Dramatic play is an essential mode of learning for young children, and "prop boxes," play materials grouped by theme, make this activity even more effective. Find out how you can use these educational tools to guide your students toward meaningful role-playing and creative exploration. Included: Ideas for prop box themes materials.
"Play is the most important medium for development and learning for young children, aged birth to eight years," explains Ann Barbour, a professor of early childhood education at California State University, Los Angeles. "But for many reasons, children have fewer and fewer opportunities to play. So, it's important that teachers consciously support children's play by providing adequate time, space, and interesting materials, like those that can be collected and stored in a prop box."
"Prop boxes" are groups of dramatic play materials that are organized around specific themes. Those themes range from simple subjects like the beach or the farm to the more complex bank, dentist, or science lab. The boxes often are placed in a dramatic play center to spark students' imagination and promote role-playing and exploration.
"Prop boxes enable children to act out what they know, cement their concepts, practice skills in a meaningful context, and learn with and from other children who also are engaged with the materials," explained Barbour, the co-author of Prop Box Play: 50 Themes to Inspire Dramatic Play. "If the materials in the box encourage children to adopt different roles (i.e., chef, server, customer, cashier), children not only have opportunities to try on different roles themselves but also to practice taking someone else's perspective and responding appropriately."
PLAY THAT'S RELEVANT AND "REAL"
Because dramatic play is the prevailing form of play among three- to six-year-olds, prop boxes are especially appropriate for that age group. Depending on the theme, Barbour suggests that they also can be used to support units of study in the elementary grades. Most important is selecting materials that are relevant and suitable for the developmental levels of the students who use them. While a wash day or bedtime prop box would be ideal for younger children, the travel agency or pioneer box would be a better fit for older students.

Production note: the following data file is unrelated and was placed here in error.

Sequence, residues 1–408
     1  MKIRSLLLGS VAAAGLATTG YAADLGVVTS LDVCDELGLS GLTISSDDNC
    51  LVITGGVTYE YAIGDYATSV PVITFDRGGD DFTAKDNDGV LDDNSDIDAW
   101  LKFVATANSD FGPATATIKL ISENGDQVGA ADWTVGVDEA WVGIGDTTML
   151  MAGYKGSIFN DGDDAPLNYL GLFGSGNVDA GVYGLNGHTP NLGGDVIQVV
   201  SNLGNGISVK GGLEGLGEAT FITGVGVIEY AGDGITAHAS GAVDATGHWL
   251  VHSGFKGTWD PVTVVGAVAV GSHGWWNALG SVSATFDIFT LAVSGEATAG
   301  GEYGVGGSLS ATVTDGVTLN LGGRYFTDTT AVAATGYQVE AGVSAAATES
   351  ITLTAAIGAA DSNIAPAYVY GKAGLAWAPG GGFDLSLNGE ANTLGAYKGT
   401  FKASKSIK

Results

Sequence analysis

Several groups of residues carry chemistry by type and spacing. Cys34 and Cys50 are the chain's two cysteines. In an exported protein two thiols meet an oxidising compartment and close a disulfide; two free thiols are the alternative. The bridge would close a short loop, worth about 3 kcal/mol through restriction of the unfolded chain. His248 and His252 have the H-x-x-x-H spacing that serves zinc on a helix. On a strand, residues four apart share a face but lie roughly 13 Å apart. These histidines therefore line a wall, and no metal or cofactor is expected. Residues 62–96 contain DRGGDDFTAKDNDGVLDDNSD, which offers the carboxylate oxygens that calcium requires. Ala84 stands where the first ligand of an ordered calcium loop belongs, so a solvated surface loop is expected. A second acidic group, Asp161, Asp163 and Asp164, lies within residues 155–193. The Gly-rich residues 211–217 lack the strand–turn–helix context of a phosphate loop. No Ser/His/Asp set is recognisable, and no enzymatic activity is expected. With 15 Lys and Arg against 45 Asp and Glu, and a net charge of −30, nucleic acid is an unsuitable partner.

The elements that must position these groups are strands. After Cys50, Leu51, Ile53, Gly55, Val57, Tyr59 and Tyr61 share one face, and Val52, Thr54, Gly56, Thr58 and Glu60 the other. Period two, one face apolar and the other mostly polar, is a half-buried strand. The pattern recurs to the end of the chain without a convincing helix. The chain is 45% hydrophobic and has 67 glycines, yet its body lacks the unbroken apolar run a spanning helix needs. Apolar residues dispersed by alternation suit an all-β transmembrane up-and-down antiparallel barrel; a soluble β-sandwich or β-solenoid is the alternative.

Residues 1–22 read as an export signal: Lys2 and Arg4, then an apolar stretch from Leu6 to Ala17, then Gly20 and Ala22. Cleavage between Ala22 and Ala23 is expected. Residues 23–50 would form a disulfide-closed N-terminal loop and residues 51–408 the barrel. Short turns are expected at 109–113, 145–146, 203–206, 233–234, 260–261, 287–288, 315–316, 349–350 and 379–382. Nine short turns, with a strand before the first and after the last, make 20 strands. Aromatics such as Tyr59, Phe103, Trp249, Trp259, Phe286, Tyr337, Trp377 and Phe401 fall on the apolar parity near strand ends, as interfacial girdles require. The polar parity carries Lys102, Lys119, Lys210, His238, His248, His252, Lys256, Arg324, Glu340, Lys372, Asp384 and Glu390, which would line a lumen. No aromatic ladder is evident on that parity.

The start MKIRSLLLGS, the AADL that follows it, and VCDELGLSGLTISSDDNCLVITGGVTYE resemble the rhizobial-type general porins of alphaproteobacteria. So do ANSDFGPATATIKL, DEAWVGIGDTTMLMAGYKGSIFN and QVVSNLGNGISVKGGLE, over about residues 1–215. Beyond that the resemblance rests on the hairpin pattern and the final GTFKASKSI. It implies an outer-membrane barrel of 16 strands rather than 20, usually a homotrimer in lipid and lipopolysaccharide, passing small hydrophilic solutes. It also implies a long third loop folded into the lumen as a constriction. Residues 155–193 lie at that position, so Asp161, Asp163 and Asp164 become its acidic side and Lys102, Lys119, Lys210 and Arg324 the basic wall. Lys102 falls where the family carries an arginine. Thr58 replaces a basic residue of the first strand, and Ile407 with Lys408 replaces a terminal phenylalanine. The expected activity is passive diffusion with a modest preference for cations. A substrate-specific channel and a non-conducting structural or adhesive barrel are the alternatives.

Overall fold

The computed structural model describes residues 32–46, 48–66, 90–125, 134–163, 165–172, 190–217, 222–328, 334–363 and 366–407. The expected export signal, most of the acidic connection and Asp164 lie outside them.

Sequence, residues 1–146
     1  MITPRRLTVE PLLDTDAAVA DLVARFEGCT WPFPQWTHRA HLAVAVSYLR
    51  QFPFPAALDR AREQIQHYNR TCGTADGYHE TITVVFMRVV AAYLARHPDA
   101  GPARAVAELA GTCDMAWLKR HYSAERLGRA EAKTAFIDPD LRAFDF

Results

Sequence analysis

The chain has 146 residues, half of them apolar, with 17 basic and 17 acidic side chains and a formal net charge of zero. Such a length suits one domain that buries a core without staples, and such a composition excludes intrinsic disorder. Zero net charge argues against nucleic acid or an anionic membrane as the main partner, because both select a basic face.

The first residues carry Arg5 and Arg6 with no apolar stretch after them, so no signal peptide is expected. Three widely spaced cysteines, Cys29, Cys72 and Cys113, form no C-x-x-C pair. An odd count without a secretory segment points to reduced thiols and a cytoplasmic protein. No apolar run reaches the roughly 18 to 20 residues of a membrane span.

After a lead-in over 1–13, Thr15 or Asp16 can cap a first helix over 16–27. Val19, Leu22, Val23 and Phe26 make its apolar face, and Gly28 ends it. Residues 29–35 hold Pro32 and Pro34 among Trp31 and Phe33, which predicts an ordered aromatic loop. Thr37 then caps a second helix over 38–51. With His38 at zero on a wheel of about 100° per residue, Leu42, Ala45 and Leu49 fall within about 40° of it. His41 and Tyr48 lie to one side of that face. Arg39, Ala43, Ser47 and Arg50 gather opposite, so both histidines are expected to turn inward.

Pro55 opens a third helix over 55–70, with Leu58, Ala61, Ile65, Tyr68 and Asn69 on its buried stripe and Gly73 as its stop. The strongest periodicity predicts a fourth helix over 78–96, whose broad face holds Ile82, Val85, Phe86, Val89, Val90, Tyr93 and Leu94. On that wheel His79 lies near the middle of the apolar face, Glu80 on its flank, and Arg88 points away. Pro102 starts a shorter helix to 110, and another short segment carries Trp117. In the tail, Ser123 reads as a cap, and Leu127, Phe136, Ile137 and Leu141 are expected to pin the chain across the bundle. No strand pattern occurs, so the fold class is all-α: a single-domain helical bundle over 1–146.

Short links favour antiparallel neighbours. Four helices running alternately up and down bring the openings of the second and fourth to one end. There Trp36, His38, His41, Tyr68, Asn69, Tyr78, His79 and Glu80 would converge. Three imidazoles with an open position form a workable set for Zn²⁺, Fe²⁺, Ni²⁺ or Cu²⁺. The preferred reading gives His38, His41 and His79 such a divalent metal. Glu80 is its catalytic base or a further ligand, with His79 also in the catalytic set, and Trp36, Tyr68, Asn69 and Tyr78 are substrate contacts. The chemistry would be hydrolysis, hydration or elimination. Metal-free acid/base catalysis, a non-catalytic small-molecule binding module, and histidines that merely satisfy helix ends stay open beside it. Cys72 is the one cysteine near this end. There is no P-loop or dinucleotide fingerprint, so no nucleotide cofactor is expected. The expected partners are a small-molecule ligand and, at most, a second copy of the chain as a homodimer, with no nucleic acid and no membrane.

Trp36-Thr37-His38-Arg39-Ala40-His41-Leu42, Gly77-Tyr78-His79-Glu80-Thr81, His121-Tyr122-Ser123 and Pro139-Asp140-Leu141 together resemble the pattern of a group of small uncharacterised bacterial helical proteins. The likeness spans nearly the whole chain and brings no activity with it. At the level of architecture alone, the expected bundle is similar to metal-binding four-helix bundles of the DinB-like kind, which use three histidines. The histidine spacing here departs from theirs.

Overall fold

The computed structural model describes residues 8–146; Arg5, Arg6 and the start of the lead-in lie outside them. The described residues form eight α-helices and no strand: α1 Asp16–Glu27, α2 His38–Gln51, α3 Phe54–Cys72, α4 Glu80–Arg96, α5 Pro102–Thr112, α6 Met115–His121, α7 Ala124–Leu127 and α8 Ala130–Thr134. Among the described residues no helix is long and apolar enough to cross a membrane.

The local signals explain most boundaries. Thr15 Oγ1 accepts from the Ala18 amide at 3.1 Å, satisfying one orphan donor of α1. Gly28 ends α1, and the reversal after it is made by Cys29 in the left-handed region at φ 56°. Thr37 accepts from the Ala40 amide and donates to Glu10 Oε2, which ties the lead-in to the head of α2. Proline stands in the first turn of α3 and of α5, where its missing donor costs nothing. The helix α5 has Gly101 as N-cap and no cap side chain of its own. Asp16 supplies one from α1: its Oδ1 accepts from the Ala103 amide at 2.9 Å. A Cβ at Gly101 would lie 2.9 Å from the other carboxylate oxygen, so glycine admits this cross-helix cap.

"Preparing the environment is a powerful support for play as well as a powerful influence on children's behavior," Barbour told Education World. "It's important to set aside enough time for children to get into their play. Meaningful socio-dramatic play requires at least a 30-minute block of time, because it takes time for children to choose and negotiate roles, select props, and select and enact dramatic play scenarios."
According to Barbour, the key to great prop box play is choosing themes that students have had firsthand experience with. If they have been to a bakery, they will possess enough understanding of bakeries, for their age level, to play out what they know and to expand their understanding. Wonderful materials only generate wonderful learning experiences when the theme is relevant for the children.
LIGHTS! CAMERA! ACTION! PROP BOXES AT WORK
As an example of a theme that works well in many settings, Barbour offers the television production studio. Children of all ages can pretend to be on television. Younger children might act out what they have seen, while older ones can be reporters, interviewers, advertisers, and more. Barbour believes that theme even makes television more interactive for children, and strengthens verbal skills. Items featured in a television production studio prop box are a clamp light, a dry-erase board, make-up brushes, post-it notes and name cards, products to advertise, a homemade movie camera, and a television carved from a cardboard box.